Performing Arts: Dance
October 3, 2015
A mixed Soaking WET bill is a dinner party in a treasure chest. It is the kind of diversity many presenters strive for but rarely can naturally attain. For its thirteenth season, David Parker has gathered ambassadors of multimedia, alienation, world fusion, and age.

Rachel Cohen opened with New Developments, for a cast of four humans and scores of paper sculptures by Stephanie Beck. Three dancers hold lanky forms, each divided into three segments. They fidget like mutant insect antennae until from under a pile of cubes a concealed Cohen slithers backwards, bringing all three figures to attention on her shedding exoskeleton. She slips into a large cylinder just the right size to reduce her torso to a single moveable joint. The tradeoff seems an improvement in strength at the cost of mobility, but the material is nonetheless soft. While bones must be hard, they require space within.

Meanwhile, the others stay separate from their structures, adjusting with their hands like chiropractors in training. Against Cohen’s immersive relationship, we see abstracted expressions human relationships on a scale from codependent to negligent within joints interlocking people in a social skeleton.

With Reperformance: 1993-1996 It Could Have Been Different, Karen Bernard puts us in a snow-globe filled with a flurried history of work, vibrantly costumed by Liz Prince, costumed once more by new performers. Following a video of Bernard’s renditions, the dances are reanimated. Bernard’s movement language distills line and directionality so much it is only natural to continue the process into distortion.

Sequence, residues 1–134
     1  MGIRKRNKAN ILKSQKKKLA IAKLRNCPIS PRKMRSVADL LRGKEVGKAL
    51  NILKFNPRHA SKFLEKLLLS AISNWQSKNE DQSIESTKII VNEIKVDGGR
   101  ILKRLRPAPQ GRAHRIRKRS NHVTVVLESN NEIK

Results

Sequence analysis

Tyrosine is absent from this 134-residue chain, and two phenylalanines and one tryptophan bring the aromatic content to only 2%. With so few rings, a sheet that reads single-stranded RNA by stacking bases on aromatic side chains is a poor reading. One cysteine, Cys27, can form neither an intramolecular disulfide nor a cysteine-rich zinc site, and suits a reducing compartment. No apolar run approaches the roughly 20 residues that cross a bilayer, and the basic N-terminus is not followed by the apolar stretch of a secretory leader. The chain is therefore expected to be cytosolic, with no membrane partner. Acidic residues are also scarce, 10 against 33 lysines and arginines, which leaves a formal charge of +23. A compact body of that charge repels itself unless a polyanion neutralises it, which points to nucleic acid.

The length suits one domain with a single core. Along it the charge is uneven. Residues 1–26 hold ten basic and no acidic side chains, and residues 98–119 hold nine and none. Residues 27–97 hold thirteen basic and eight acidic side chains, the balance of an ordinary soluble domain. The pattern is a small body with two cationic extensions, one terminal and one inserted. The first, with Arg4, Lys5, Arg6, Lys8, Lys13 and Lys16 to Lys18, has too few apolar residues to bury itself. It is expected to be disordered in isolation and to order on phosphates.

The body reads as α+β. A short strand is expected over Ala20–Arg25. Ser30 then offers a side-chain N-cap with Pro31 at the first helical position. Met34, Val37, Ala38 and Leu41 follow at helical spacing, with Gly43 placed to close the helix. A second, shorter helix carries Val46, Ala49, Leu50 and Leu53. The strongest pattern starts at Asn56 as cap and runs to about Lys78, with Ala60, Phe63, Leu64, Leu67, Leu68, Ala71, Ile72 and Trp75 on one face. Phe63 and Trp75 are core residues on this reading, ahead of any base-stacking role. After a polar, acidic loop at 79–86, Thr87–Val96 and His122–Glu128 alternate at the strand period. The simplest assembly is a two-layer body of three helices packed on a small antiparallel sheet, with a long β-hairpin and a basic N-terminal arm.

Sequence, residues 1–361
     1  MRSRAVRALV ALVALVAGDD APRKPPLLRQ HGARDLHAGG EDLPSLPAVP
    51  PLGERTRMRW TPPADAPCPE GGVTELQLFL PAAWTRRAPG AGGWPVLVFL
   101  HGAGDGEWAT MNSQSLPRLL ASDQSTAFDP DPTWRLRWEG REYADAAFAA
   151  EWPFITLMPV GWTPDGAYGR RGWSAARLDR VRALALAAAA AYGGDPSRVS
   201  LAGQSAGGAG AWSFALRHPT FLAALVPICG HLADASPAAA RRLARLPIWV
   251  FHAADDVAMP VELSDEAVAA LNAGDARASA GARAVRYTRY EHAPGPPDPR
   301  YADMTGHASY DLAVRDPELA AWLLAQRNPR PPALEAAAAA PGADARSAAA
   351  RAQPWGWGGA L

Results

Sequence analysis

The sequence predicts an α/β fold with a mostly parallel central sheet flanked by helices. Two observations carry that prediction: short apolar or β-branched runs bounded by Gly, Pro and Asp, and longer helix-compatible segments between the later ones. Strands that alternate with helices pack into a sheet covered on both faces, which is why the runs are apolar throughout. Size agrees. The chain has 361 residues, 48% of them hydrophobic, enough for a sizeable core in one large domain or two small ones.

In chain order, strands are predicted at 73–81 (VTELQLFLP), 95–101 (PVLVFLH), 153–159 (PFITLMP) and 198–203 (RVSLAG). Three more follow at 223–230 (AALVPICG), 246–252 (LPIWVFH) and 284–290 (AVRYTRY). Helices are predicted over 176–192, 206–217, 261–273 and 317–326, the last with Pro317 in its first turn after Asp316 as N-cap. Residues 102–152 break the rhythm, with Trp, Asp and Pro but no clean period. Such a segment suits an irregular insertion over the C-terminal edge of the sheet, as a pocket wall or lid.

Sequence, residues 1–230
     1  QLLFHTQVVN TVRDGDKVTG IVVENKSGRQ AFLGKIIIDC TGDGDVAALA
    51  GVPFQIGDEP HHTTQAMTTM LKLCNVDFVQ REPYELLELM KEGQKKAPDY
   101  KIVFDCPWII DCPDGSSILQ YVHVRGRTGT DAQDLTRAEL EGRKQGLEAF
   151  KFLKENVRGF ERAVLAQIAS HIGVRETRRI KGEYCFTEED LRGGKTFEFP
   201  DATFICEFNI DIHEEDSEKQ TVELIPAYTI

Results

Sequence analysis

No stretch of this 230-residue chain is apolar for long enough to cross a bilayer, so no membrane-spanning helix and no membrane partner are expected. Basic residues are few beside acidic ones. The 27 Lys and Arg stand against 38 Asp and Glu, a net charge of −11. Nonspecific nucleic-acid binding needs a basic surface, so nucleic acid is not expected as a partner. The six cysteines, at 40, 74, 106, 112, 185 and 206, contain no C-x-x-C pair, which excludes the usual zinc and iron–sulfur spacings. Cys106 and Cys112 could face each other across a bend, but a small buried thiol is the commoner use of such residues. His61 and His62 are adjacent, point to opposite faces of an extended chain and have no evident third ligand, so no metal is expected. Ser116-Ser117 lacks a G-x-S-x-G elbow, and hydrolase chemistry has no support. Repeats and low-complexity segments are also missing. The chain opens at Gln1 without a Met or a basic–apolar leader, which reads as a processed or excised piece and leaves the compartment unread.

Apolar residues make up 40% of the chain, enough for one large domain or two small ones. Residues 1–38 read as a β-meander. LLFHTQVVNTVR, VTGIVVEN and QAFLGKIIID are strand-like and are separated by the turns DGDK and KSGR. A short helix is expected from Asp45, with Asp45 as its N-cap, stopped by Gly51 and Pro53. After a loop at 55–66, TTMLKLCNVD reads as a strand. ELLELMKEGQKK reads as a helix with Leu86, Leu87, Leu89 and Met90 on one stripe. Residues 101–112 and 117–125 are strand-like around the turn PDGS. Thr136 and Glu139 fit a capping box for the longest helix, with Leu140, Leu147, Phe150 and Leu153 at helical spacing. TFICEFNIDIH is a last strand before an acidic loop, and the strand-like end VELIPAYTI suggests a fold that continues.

Donna Castello is heavily agile in Work, aided by her boots and coveralls, marching in turned-in fourth positions between a menege of rotating cannonball jumps. Strange Dear finds Mersiha Mesihovic re-imagining mechanical crunches through a segmented supine promenade as bitterly mouthwatering, navigating the coldest principles of angles and spirals with sexual fire.

Footsteps on the… and It Could Have Been Different use pop music to find pleasure and duty in the groove of Bernard’s stark vocabulary. Bumblebee stripes, Selena’s rendition of “A Boy Like That,” and a stealthy Lisa Parra leaping, crouching, and mouthing lyrics out of sync painstakingly build up psychic breakdown, Ryan Migge’s bilingual singing and maudlin ad-libbing notwithstanding. Like Cohen’s sense of skeleton, each performer is a body part in a larger organism of transcribing not just language, but aesthetic behavior.

Deirdre Towers uses her dancers resourcefully to grapple with cultural expression in Cross Currents. What is sung as a futile love story is danced between traditional flamenco dancer Elisabet Torras and flamenco-influenced contemporary dancer Olsi Gjeci, depicting the search for a heritage not grown up with, yet fully longed for.

Comin’ or Goin’ pits Marsi Burns and Alice Teirstein in an alternate plane of existence where thoughts only occur. They react to stimuli that are never seen through pedestrian sequences of motion and stillness. Unexpressed ideas radiate through the eyes as pure feelings, questioning if our voiced thoughts are ever fully formed.
EYE ON THE ARTS< NY -- Jonathan Matthews

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